Comments: Before you read the news story below, which presents a microcosm of the false rape problem in America in 2010, please consider the following thoughts:
(1) You remember the news account of the teen boy who had consensual sex with an older girl, but who failed to withdraw, by her testimony, for five to ten seconds after she told him to do so? He was convicted of a felony. In contrast, in this case an innocent man was forced to rot in jail for two months while his false rape accuser held the keys to his release but never used them. She only came clean after she was advised that the DNA proved he was innocent. You do the math: five seconds versus two months. Which was a worse ordeal for the innocent person? But what are the odds that this false accuser will see the inside of a jail for even five seconds, much less two months?
(2) Wouldn't it be a great idea to get the DNA results back before you arrest a man and jail him on a he said/she said rape charge? What universe are we living in where a man can be deprived of his liberty on the say-so of a lone liar?
(3) Please note the reputational harm to this man. His life has been badly damaged if not destroyed because of a lie. In contrast, she is still afforded anonymity, despite the fact that the DNA evidence proved she lied and she has recanted her allegation. She was afforded anonymity in the first place because of her own criminal act, and reasonable people would think that she has forfeited whatever right to anonymity she might have had by committing a crime. Not so. The news outlets continue to shield her, and, in effect, reward her fraud solely because of the nature of the initial lie. Oh, and for reasons not known, they still claim she was raped by someone. Um, right. In any event, the innocent man's reputation = destroyed; the criminal's reputation = protected. The asymmetrical anonymity policies of our news outlets that allow this are the result of gender politicization run amok.
(4) Not mentioned in the story below, but noted in another account of this incident is this: "Officials say they believe[d] the [rape] story because the two had a history of domestic violence and at the time safety of the victim was at issue." See here: http://www.abc3340.com/news/stories/0210/707793.html This is a cautionary tale for men: you are at greater risk of having a false rape charge against you stick when you've been in trouble with the law previously, especially where the allegation is similar to the rape lie. It isn't fair, of course, but in these he said/she said rape cases, the police are looking for anything that would make them feel better about arresting you.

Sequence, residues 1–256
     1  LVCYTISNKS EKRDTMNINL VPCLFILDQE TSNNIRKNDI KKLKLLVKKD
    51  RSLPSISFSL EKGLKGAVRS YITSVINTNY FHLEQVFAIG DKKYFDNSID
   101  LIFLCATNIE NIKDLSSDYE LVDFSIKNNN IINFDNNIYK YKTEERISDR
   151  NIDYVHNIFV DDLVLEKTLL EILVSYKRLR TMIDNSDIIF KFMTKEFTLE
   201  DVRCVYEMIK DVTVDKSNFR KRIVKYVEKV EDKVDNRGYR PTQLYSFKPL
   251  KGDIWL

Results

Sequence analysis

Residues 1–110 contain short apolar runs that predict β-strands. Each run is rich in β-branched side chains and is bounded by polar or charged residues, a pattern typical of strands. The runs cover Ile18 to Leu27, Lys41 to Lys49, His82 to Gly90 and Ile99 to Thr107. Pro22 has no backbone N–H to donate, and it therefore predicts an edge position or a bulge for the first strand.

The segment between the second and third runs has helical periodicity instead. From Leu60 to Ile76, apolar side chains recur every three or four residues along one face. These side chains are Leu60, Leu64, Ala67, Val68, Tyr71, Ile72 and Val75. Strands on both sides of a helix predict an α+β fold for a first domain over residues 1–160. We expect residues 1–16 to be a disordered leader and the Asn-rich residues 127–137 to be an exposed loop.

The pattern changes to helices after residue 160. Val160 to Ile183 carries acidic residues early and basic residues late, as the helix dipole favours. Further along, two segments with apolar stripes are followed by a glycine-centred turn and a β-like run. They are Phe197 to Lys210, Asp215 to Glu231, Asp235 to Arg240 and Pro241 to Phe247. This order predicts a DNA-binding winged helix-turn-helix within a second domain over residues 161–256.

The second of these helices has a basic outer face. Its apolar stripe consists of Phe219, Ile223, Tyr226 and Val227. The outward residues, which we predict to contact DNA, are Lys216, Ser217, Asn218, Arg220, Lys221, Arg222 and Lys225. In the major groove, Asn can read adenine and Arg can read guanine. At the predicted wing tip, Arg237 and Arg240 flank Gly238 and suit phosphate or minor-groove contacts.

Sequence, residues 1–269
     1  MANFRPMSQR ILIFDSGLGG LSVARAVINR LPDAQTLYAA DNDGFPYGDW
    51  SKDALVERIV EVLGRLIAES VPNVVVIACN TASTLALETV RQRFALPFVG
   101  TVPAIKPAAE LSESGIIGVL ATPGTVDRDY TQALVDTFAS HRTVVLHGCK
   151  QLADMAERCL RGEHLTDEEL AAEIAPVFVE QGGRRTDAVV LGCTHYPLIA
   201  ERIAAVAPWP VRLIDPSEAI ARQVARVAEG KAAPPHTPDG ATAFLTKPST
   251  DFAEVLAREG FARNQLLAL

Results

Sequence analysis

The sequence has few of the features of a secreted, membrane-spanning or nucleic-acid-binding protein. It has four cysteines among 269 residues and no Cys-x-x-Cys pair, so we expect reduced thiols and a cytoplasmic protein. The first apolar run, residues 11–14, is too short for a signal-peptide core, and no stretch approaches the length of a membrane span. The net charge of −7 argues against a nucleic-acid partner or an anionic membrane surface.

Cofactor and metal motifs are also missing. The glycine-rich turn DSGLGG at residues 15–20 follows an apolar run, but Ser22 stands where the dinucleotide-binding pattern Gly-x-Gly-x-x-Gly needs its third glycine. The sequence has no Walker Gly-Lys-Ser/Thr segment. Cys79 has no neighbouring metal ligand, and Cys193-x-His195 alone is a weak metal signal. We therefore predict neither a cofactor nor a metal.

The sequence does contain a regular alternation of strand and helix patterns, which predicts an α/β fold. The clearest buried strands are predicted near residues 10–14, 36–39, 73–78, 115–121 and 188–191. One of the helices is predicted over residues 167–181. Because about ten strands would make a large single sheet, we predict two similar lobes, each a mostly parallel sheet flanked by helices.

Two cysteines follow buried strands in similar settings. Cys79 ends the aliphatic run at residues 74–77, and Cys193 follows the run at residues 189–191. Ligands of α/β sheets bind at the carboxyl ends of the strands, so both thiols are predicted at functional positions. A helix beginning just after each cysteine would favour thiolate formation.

Here is the news story:
Innocent Man Spends 2 Months In Jail
An innocent man spends two months in jail, accused of rape. Now he is free after being cleared by a DNA test.
Investigators say this all stems from a false report. It turns out, the woman admitted to lying about the rape after the test results came back.
Now, after spending two months behind bars, all charges have been dropped, but the case is far from closed.
You might remember the name Michael Eulenstein, the Tuscaloosa man arrested and charged for rape in October 2009.
But DNA tests came back earlier this month, proving that Eulenstein's DNA did not match the evidence found in the investigation.
Since then, his name has been cleared, but he says his life has yet to return to normal.
"I've lost several friends. It's been hard for me to find gainful employment. Everybody looks at my name and is like, 'Whoa, you're that guy that's accused of rape. We don't want anything to do with you,'" said Michael Eulenstein.
"We're not sure exactly what happened," said Captain Lloyd Baker of the Tuscaloosa County Metro Homicide Unit. "She had obvious and substantial injuries that were indicative of being attacked. They did not appear to be self inflicted. The doctor we talked to in the emergency room believed that she had been assaulted by someone."
Investigators believe the victim was raped, but at this point, no other suspects have been named.
The victim admitted that she lied about Eulenstein's involvement in the case, and will now face charges for giving false information to law enforcement.